"Home Alone" itself shows why a Disney+ reboot Is a bad idea

The Chris Columbus classic defies any attempt at a remake because it’s such a Yuletide oddity

Published December 9, 2020 8:45PM (EST)

Macaulay Culkin in "Home Alone"       (20th Century Fox)
Macaulay Culkin in "Home Alone" (20th Century Fox)

This article originally appeared on IndieWire.

Click to the "Holiday Collection" on Disney+ and the first image you'll see is nine-year-old Macaulay Culkin, hands pressed to his face after daring to use his father's aftershave. There's no image that evokes Christmas more. It's director Chris Columbus's Yuletide version of Edvard Munch's "Scream" and, at this point, almost as iconic. Somehow Culkin's grimace can stand alongside Nativity scenes and Christmas trees to evoke the season.

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Disney+ has a whole lineup of cheery movies in that "Holiday Collection." One new addition, a three-minute short about a Filipina grandma and her granddaughter bonding over a cherished toy called "From Our Family to Yours," is a tear-inducing treat. But "Home Alone," acquired through Disney's purchase of 20th Century Fox in 2019, feels like the crown jewel in this collection. Clips from the movie now feature prominently in commercials for the streaming service. And it's getting a whole surge of renewed attention for celebrating its 30th anniversary. Plus, a remake starring Archie Yates — the cherubic, bespectacled friend of the title character in "JoJo Rabbit" — is in the works. What'll it be called? "Home Alone 3"? Oh wait, that already exists, even if we've all mercifully purged it from our collective memory. (Along with two direct-to-TV sequels, one imagines "Home Alone 3" thrown in Old Man Marley's garbage can full of salt.)

This new remake must not happen. The idea alone causes this writer to wince as if he's stepped on a nail barefoot, or had his scalp burned off, or been branded with the initials of a wealthy family from their vanity doorknob. And this is coming from someone who would gladly pay good money for a Trump-free re-edit of "Home Alone 2: Lost in New York." Like rebranding the Wet Bandits the "Sticky Bandits," this remake is a horrible idea. "Home Alone" is a product of a time and a certain set of creatives; it should be left alone unless at least some of those creatives can return. And frankly, there's no reason for them not to.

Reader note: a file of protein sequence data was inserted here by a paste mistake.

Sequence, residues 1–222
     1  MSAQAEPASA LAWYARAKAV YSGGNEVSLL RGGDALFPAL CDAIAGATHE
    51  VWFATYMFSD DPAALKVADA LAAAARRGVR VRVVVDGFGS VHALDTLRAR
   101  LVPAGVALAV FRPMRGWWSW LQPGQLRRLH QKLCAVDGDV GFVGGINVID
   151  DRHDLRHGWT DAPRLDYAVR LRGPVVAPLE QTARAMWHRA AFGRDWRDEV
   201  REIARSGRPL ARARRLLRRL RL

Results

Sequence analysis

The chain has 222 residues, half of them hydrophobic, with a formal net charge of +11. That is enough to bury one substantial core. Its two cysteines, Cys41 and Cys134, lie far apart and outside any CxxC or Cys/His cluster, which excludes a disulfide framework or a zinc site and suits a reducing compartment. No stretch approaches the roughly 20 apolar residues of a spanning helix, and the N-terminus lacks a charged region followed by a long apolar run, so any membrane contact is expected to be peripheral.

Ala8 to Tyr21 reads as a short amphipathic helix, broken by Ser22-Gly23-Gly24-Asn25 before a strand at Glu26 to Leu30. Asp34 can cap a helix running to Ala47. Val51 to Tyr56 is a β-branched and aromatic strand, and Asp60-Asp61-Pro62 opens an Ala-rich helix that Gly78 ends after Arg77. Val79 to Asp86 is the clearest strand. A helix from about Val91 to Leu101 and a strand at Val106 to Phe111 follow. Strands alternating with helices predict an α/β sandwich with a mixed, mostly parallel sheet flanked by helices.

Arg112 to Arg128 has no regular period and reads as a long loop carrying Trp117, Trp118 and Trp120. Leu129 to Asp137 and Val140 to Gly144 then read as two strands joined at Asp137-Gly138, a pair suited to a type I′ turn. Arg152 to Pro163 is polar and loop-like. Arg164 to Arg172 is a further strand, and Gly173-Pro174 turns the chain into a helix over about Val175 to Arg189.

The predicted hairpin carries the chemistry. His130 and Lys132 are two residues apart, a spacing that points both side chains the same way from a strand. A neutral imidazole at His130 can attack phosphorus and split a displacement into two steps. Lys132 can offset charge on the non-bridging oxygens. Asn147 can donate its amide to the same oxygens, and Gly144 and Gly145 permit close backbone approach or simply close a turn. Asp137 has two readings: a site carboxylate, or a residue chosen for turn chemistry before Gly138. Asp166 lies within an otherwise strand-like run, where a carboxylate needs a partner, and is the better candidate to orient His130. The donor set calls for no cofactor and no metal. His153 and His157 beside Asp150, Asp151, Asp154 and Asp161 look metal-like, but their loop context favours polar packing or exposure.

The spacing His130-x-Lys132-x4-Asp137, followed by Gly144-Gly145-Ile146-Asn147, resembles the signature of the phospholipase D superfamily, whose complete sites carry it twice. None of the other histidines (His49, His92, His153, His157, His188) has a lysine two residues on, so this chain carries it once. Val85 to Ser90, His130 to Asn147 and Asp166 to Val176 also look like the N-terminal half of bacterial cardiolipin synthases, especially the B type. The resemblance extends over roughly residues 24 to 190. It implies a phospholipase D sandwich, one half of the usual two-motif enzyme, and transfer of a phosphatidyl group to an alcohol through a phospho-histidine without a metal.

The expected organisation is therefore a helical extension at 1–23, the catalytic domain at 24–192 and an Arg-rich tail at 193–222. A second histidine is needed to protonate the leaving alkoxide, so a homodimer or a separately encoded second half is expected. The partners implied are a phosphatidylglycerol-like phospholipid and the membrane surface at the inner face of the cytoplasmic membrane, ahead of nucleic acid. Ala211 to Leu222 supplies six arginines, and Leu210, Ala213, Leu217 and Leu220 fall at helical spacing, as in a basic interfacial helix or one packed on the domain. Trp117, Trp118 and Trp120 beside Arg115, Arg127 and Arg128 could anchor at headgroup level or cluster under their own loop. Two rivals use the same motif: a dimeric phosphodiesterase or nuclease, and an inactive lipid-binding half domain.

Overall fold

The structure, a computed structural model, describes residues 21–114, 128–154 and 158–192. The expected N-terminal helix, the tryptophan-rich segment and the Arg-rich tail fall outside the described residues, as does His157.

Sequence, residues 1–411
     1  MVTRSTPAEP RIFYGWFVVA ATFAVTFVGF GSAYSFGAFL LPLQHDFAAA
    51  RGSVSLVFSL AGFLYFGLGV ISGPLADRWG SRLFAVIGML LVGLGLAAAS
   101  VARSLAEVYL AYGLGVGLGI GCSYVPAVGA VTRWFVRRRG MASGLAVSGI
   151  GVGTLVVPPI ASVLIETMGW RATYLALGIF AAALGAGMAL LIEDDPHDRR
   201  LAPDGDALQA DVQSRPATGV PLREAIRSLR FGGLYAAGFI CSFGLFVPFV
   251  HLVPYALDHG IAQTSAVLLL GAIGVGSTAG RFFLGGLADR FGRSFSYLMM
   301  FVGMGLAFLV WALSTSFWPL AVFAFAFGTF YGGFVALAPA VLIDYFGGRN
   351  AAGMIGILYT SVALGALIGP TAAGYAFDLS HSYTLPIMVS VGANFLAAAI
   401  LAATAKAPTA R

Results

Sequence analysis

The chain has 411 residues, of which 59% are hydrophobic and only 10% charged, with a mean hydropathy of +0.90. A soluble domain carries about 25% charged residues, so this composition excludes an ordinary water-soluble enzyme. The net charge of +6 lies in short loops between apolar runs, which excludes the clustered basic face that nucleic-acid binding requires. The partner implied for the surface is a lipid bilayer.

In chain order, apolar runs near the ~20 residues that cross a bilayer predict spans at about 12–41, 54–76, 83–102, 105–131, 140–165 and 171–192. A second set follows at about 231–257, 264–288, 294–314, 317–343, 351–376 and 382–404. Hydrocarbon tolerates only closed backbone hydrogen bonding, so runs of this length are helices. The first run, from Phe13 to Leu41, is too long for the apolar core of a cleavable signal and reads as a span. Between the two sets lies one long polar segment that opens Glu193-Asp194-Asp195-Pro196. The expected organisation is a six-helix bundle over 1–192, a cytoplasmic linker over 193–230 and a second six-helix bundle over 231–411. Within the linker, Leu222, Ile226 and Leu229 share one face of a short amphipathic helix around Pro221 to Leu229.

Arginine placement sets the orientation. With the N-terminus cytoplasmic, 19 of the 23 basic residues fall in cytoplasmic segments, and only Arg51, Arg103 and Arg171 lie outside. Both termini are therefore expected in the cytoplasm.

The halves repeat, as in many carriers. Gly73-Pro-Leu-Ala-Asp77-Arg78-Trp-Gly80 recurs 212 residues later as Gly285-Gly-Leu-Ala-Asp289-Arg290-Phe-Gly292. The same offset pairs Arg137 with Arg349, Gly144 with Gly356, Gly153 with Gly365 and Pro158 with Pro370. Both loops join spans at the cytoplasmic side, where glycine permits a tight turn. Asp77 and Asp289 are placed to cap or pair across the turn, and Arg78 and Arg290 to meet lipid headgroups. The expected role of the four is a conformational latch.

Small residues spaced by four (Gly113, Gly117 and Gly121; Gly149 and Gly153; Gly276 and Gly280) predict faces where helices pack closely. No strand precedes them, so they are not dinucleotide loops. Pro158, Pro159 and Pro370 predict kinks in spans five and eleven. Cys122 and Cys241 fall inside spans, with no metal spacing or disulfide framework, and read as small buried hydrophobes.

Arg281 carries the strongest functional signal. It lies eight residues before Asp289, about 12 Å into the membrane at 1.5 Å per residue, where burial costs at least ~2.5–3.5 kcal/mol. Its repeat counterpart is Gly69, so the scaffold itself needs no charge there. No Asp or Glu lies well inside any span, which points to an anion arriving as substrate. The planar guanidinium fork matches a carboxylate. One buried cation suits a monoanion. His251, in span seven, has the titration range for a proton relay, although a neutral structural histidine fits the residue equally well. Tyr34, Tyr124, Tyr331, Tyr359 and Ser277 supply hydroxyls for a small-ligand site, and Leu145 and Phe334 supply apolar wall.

This column will not attempt to elaborate on the greatness of "Home Alone," which is self-evident (but more about that can be found here). Instead, let us point out these five reasons the remake is as terrible an idea as sticking your head through a doggie-door after your partner in crime has already been shot with a BB-gun by someone on the other side.

1. The original "Home Alone" is John Hughes by way of "SCTV"

And that's an alchemy impossible to replicate two decades into the 21st Century. Hughes, who wrote the script after he had already made all of his teen landmarks of the 1980s, adjusted his focus from adolescents to a younger tyke in Culkin's Kevin McAllister. Apparently, the idea came to Hughes, when, a relatively new father himself, he imagined how his own child would fare on their own if he suddenly left on a trip.

The real spice to the script, though, seems to have been found on-set. For many viewers, it was "Home Alone" through which they were first introduced to Catherine O'Hara's unique style of comedic obtuseness. The way she goes from harried, unconcerned indifference to harried, obsessive concern is something only O'Hara could do. And her scenes with John Candy, who apparently, as a condition of working for only one day and not receiving payment, improvised all of his dialogue, have all of the charge of an "SCTV" sketch. That's probably because both O'Hara and Candy were "SCTV" alums.

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2. It's a much harder story to tell in the age of cell phones